More news from the Union Cycliste Internationale's agenda with Olympic track cycling program. Last week they confirmed the format of the Omnium event and this is what it looks like:

1 - Flying Lap (TT)
2 - Points Race (men: 30km, women: 20km)
3 - Elimination Race (Miss and Out)
4 - Individual Pursuit (men: 4,000m, women: 3,000m)
5 - Scratch Race
6 - Kilometer TT (men), 500m TT (women)

Well, there’s the Individual Pursuit and Points Race which were already eliminated from the Olympic program. Also, there’s the Kilo TT (and 500m for women) which was dropped from the Olympics in 2008. Now they are all grouped together in this kitchen sink Omnium. What does this mean?

A lot of people are saying that UCI and the International Olympic Committee are gradually phasing out track cycling in the Olympics. Is this move really foreshadowing the death of Track Cycling?

There are now only 8 events in Olympic Track Cycling (including the separate men’s and women’s contests):

Omnium
Keirin
Sprint
Team Pursuit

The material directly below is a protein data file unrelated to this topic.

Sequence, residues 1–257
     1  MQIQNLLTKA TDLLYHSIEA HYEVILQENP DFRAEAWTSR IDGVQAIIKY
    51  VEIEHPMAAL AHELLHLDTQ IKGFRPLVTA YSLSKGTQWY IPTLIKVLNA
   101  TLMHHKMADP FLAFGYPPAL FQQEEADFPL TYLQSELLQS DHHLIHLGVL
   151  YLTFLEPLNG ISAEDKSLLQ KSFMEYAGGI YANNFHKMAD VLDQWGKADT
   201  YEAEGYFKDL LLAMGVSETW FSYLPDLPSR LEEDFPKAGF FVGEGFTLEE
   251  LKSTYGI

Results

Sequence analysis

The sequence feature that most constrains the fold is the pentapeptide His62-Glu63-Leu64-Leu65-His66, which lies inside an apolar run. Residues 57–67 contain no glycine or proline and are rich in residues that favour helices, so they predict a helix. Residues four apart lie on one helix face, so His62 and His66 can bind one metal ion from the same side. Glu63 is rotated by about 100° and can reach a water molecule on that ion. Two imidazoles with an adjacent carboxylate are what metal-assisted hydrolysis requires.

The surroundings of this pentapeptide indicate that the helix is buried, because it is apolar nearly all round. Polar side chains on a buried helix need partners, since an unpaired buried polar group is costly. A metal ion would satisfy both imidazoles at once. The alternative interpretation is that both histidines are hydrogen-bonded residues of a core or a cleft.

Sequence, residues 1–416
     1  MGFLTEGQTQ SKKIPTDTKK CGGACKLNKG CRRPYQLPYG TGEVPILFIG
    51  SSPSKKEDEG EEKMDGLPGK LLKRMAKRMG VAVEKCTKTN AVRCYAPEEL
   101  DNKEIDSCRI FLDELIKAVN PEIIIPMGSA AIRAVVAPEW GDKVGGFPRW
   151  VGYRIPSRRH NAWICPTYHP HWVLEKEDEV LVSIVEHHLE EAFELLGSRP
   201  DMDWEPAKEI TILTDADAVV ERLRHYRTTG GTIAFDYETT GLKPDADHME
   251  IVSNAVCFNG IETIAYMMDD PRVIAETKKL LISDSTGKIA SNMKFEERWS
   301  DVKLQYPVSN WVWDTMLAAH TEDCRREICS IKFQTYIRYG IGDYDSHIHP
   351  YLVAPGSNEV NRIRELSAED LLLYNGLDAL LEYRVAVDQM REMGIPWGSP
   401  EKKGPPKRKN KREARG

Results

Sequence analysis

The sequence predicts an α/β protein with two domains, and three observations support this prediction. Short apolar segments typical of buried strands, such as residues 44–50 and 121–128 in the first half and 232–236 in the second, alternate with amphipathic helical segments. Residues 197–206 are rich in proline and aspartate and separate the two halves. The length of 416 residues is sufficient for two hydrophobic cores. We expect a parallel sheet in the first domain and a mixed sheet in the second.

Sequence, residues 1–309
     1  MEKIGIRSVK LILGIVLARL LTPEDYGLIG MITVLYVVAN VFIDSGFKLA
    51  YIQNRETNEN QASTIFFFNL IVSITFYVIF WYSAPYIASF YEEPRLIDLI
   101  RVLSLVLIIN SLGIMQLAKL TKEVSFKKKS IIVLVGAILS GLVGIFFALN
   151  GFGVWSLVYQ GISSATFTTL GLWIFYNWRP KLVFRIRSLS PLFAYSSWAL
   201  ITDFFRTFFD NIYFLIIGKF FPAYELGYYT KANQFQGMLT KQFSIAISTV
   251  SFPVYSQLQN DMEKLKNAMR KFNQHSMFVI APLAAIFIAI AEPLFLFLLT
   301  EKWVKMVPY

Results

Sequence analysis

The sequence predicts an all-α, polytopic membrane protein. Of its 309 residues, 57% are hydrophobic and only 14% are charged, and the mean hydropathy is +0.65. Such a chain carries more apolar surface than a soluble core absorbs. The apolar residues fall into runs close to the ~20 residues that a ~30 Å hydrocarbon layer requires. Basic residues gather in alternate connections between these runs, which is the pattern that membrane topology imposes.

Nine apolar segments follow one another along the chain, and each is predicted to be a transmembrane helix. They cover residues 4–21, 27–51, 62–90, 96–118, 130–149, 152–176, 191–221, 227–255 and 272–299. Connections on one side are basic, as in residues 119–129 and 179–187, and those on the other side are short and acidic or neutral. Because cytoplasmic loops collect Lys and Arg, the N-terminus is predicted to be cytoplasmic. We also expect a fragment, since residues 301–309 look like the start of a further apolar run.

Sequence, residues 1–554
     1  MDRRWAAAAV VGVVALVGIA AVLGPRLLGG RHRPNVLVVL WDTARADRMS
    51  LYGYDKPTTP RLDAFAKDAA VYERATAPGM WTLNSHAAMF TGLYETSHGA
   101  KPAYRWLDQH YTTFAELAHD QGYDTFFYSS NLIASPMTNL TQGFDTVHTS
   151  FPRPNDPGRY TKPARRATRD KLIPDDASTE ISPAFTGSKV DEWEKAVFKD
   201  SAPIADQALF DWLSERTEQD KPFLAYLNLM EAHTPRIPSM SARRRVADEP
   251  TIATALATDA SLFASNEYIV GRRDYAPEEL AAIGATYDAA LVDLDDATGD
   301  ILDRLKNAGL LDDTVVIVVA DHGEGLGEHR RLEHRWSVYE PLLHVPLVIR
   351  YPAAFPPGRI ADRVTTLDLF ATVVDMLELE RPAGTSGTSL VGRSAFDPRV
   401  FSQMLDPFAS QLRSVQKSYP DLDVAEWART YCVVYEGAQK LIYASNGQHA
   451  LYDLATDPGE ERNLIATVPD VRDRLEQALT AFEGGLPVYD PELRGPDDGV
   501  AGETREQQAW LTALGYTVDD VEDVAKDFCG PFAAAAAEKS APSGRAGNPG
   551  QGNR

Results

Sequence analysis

In 2008 we had 10 events. In 2004 we had 12 events. It definitely seems like it’s shrinking.

With the new Omnium format, we’ve got 6 contests housed under one medal. Well so much for specificity. Now if Taylor Phinney wants to win an Olympic medal for his Individual Pursuit effort, he must also ride a killer Kilo and Flying Lap. Could he do that? Yeah, but he’d have to compromise his very specific Pursuit training in order to include training for other events.

The Individual Pursuit is a very specialized event and that’s why there are Pursuit specialists in the world. The same thing goes for the Kilo. The Omnium kind of kills all of that. It’s beginning to look like the IOC only has one Gold Medal to award to an “Overall Track Champion”.

Compare this to swimming with 34 events in 2008 (not including the Diving, Synchronized Swimming or Water Polo events). There are athletes who specialize in very specific swimming events and even still, one man took home 8 Gold Medals, which pretty much made him “Overall Swimming Champion”.